The idea of doing a cotton cheesecake came from when I visited my friend, Lauren, and we were trying to make these for her menu at LimeRed, in Boston. I tried to make a cream cheese chiffon cake, hoping that it would work instead of a cotton cheesecake, something she struggled greatly with making, but alas, my chiffon cakes fell as well. There was just something about baking with cream cheese that really stumped us both.
It dawned on me after seeing my cheesecakes fall that maybe we were overwhipping the egg whites; I was so used to whipping the living hell out of them when making chiffon cakes that I did not pay attention to the science behind a Japanese styled cotton cheesecake. While yes, the batter requires egg whites for the cake to rise, the fact that the majority of the batter is centered around fat and dairy means that too much inflation will result in deflation.
The easiest way to put it is when you’re baking a souffle; you use the egg whites to raise the batter, but then after a certain point when you leave it out too long, the souffle will begin to collapse because the egg whites can’t hold the air in the final product for too long. In a cotton cheesecake, you need to balance out the stability in the cream cheese and eggs from when those finish baking to how much air should the egg whites hold for this batter. So in short, try using medium peaks. It’s harder for the cake to deflate when the cake is already using not fully-aerated whites.
I wanted to use craisins in my cake, because the traditional recipe uses raisins, but I wanted to embrace fall and use cranberry-raisins as an homage to that. I used elderflower liquor and honey to soak mine, since rum soaked raisins are a thing, but I did not want to stick to that tradition.
For the soaked craisins:
1/2 cup craisins
1/4 cup elderflower liquor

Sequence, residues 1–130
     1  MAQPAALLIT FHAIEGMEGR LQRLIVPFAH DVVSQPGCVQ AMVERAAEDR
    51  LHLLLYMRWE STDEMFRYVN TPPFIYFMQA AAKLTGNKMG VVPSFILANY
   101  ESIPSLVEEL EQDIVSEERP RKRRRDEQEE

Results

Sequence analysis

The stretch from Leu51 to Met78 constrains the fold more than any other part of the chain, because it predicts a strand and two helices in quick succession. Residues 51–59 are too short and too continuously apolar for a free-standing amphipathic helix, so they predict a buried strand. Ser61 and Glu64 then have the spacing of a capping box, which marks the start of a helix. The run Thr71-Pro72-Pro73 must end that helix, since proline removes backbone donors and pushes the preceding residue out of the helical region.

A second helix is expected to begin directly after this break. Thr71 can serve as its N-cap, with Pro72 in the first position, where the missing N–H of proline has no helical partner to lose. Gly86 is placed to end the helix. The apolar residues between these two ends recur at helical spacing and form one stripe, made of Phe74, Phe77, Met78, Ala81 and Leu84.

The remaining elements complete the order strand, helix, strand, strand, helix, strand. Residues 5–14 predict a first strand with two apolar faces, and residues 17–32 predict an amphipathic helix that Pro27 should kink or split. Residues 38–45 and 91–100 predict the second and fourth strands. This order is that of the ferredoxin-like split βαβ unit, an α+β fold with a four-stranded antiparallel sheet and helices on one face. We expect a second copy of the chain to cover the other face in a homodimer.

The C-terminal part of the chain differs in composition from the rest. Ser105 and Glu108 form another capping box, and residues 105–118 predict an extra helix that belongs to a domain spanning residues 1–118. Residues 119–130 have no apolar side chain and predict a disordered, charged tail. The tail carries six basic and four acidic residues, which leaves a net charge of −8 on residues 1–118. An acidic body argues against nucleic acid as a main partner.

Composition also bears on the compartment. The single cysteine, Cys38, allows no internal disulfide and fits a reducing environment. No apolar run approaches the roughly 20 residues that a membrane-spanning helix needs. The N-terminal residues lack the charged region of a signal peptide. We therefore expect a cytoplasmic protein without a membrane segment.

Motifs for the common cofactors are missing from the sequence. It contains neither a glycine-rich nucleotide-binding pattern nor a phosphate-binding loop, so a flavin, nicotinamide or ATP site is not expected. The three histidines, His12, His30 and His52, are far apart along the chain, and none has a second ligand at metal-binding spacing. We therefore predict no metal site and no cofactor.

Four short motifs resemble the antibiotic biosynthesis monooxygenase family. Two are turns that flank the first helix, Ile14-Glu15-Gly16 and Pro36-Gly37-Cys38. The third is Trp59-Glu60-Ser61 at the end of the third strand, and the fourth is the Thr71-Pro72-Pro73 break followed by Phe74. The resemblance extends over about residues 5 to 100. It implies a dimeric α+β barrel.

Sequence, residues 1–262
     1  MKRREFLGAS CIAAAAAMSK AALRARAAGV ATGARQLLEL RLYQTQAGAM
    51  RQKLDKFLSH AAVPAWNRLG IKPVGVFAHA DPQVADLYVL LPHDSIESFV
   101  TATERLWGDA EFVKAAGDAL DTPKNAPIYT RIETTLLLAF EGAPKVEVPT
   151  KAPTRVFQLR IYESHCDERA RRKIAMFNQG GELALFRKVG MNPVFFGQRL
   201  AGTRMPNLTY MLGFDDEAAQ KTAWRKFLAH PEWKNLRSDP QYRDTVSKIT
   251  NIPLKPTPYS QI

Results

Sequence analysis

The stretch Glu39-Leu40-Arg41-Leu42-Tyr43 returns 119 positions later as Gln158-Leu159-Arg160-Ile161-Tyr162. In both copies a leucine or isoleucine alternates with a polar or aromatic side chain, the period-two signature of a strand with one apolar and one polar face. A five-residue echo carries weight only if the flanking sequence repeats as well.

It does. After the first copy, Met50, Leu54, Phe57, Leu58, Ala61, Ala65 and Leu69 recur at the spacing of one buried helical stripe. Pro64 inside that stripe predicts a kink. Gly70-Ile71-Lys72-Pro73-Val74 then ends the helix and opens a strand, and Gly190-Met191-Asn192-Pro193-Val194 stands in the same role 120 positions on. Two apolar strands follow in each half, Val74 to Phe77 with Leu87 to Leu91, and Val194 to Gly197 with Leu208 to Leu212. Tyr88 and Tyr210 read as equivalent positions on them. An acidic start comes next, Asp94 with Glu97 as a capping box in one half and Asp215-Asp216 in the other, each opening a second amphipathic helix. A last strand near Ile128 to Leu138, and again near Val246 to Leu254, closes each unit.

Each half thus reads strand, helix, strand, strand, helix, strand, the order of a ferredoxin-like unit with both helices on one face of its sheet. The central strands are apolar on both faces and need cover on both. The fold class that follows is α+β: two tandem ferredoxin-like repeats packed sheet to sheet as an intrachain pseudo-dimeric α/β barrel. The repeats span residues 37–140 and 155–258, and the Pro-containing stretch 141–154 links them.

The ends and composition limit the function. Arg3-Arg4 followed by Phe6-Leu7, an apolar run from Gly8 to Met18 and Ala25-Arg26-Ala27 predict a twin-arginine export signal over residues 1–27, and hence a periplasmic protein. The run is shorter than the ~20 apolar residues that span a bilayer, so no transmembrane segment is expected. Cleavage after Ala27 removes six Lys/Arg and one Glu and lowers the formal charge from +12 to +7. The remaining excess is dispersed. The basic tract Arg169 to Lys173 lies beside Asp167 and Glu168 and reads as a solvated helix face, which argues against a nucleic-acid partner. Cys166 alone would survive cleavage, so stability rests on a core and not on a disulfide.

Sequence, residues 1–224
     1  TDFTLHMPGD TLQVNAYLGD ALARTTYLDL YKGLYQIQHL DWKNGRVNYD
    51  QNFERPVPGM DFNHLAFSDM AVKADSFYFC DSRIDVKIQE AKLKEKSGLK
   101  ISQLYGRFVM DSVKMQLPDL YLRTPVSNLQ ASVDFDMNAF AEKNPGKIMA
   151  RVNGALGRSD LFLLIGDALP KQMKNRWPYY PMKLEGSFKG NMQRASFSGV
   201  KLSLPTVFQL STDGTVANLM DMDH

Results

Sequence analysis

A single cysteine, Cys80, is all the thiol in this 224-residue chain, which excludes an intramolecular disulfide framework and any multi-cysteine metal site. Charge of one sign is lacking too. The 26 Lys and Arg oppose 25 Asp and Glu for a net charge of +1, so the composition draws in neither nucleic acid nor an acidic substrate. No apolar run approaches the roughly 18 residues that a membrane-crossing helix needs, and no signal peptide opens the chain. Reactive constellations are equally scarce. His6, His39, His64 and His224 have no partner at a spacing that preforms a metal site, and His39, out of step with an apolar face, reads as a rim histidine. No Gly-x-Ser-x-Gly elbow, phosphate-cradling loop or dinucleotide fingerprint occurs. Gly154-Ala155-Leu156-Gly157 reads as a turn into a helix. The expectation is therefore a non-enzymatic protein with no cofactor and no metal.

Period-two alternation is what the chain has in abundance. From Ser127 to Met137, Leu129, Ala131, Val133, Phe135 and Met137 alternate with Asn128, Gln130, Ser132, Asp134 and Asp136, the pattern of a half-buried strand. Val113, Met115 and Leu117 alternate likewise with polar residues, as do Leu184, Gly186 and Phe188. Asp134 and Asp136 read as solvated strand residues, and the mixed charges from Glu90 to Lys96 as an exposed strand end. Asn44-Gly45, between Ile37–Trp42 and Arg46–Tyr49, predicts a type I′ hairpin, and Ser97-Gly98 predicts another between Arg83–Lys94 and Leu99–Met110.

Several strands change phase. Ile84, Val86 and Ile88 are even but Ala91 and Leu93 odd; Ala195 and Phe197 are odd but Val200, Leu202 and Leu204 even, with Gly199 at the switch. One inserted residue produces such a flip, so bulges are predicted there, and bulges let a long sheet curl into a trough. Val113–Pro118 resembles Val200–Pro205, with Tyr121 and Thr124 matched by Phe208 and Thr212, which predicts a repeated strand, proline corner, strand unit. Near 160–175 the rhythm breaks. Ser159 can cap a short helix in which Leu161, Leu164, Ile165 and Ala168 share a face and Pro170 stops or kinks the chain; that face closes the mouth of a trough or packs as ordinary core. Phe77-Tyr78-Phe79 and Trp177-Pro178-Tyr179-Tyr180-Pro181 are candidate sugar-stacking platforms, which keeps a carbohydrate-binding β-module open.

a pinch of salt
2 tablespoons honey
Soak together for 30 minutes, or until the craisins and plump and moist.
For the cotton cheesecake:
5 oz cream cheese
3 eggs; separated
6 tablespoons granulated sugar; in two parts
3 tablespoons all-purpose flour
a pinch of cream of tartar
1 tablespoon unsalted butter
2 teaspoons apple cider vinegar
3 tablespoons milk
a pinch of salt
1/2 teaspoon vanilla extract
In a double boiler, melt down the cream cheese, butter, milk, salt. You need this to be a smooth liquid. In another bowl, whip the egg yolks with vanilla and half of the sugar until it is stiff and forms ribbons. In another bowl, whip the granulated sugar with egg whites, vinegar, and cream of tartar to medium-stiff peaks. In total, you will have three bowls, one containing the melted cream cheese, one with the whipped egg yolks, and another with the whites. Sift the flour into the egg yolk bowl, and start folding in each mixture, alternating until you consume all three. Line a six inch ring mold with parchment paper and place on a nonstick baking surface. Add the craisins to the bottom. Pour in the cake batter and bake at 325 degrees F for 50 minutes. Once 50 minutes pass, turn off the oven, and continue to let the cake sit for another 20 minutes before removing. The whole point of staging the removing times like this is to keep the cheesecake from sinking. Fun fact: cotton cheesecakes are temperamental bitches, and they can piss you off if you are not mentally prepared to face them in that regard.